Grant Village, Yellowstone National Park: July 25, 1988
Ramirez had them up before daylight beneath a smoke inversion that blocked the stars and moon. Shivering cold prompted them to eat breakfast pacing or standing and moving their feet to generate body heat. Soon afterward as dawn disclosed an ashen gray sky, they found themselves in the village area, spread closely across the fronts of four cabins on a road with other cabins guarded by other crews, facing a forest on a slight incline where nothing seemed to be happening. Two fire engines, one manned by Park Service personnel and the other by a volunteer crew, had hoses laid out and ready. Six Rivers had its saws and handtools and four drip torches. Farther down the road two men sat in the cab of a news truck with a satellite dish.
Ramirez pulled the crew from the cabins, gathered them into a group on the other side of the road, and reiterated that fire officials predicted the Shoshone would reach them sometime that day, probably in the afternoon.
“They want us to stand here and wait for it, but I’ll be damned if any hotshot crew of mine’s going to do such a thing.” he said. “I want to see 10 feet this side of the road clean down to mineral soil. We’ll pull the rug out from under the Shoshone when she gets here.”
Near noon when they finished clearing the ground and resumed their earlier stances in front of the cabins, the inversion had dissipated, freeing a breeze to play among the treetops and air tankers to groan slowly somewhere to the south, beyond the hill in front of them. An hour slogged by, the wind stiffening its intensity, the low drones of the air tankers resounding closer and closer, and above the hill what began as light white smoke built itself to a menacing height, like a siege tower pushing inexorably closer until it stared down the civilization its progenitor aimed to decimate. Maybe the way buffalo in their millions more than a century ago set the ground aroar with hoofbeat, so, too, the fire approached. Blustery wind pushed dust into their faces and then—flames still shrouded behind the hillside—a blizzard of ash.
Ramirez and Flowers paced by their two cabins, radios in hand.
“She’s comin’ and she’s comin’ hard!” Ramirez yelled, while the engine foremen barked word to their own crews. “Shelby, Bertram, Davis–light it up! The rest of you, watch the cabins, knock down any hot spots!”
The burn team had loosed only a few dribbles of flame beyond where they’d bared the soil when the stampede burst over the hill, manifesting a flame ball above the trees and into the sky, an angry god indeed, and one in a great hurry. It seemed to pause a moment, as though surveying a route, before hurling itself down the hill, swallowing trees in seconds, sending the cursing burn team retreating back across the road. As soon as the wall of heat and rumble of flame dashed nearly to their line, engine crews opened their hoses, shooting blasts of water along the ground and powerful arcs into the crowns, intensifying the spattering cackles amid the overwhelming roar.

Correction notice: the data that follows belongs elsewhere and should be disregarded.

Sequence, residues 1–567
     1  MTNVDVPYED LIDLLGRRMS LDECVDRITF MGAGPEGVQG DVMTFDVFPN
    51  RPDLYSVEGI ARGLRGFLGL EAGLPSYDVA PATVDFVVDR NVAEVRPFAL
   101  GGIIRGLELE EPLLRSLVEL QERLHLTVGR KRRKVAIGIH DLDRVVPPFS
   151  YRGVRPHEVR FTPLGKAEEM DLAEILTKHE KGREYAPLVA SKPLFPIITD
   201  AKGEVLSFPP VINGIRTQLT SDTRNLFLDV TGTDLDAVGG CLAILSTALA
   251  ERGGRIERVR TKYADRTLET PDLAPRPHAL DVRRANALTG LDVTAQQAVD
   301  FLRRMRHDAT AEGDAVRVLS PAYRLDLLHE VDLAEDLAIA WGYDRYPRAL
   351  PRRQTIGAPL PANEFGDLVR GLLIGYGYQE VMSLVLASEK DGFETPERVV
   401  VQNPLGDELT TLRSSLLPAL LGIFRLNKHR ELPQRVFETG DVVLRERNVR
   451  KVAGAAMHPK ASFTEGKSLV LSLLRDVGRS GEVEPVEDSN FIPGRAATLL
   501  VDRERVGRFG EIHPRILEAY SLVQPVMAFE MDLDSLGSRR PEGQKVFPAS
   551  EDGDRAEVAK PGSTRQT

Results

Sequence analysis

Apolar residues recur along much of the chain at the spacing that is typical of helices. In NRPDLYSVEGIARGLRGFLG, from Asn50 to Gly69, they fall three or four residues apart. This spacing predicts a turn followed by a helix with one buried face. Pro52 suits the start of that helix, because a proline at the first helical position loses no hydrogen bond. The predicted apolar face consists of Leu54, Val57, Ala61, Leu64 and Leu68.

Near Jeremiah one of those arcs of water suddenly collapsed and lashed wildly along the road. Eileen and Willingham bolted toward a man on the volunteer crew who lay on his back, the water-shooting hose snaking on the pavement near where he lay. Eileen shouted something to Willingham, who pulled the man by his shoulders toward the cabin, while she grabbed the hose, took several steps forward, and directed the torrent of water deadeye into the flames roiling atop the trees. Jeremiah trotted to the scene and knelt next to the man, declaring to the man’s crewmates that he had EMT training. He noted the man’s glazed eyes and shallow, pained breaths, felt a faint pulse.
“Get Shelby or Mullins to radio for an ambulance,” he said to Garcia, who’d come to assist. Jeremiah didn’t notice the reporter and the cameraman come sprinting up the road, stopping only when blocked by other crewmen. Instead, the reporter directed the camera operator to point toward the road, where Eileen stood subduing the monster, and he began speaking into a microphone.
While across the road flame-bathed pines cried out full-throated crackles, hurling heat across the road, Jeremiah kept two fingers pressed against the carotid artery next to the man’s adam’s apple. One of the man’s crewmates knelt at his feet.
“Help’s on the way, Kirby,” he said. “Hang in there, buddy. We got this fire licked.”
The man’s vacant eyes stared at overhead smoke, his pulse tapping erratically against Jeremiah’s fingers, his chest scarcely moving as seconds trudged and Jeremiah’s own heart raced. Then his fingers felt only skin and the movement of breath ceased.
“Kirby!” called the man at his feet.
Quickly Jeremiah tilted back the head, pinched the nose, and administered a long breath, watching his exhalation lift the man’s chest. He positioned his hands one atop the other over the base of the sternum, pushed down the heel of his hand, remembering the rate, almost two per second, silently counting the compressions, shifting to the mouth, delivering a breath of oxygen, returning to the chest. A long-ago instructor’s voice whispered: CPR often fails. Please let it work this time, he thought, half aware that leg bottoms and boots had gathered within the scan of his eyes, fellow humans whose quiet prayers matched his own.
An eternity of two minutes burgeoned fear but brought no breath until in mid-shift the man sucked in a half-gasp of smoky air, pushed it out, raised his own chest with life, flipped on the switch to his artery and heart.
“My God!” came words from above one of the sets of boots.
From the start the reporter observed, waiting for an opening. When the possibility of death diverted attention away from him, he smacked the video operator’s arm.
In the evening Jeremiah would learn that life restored had been recorded on film.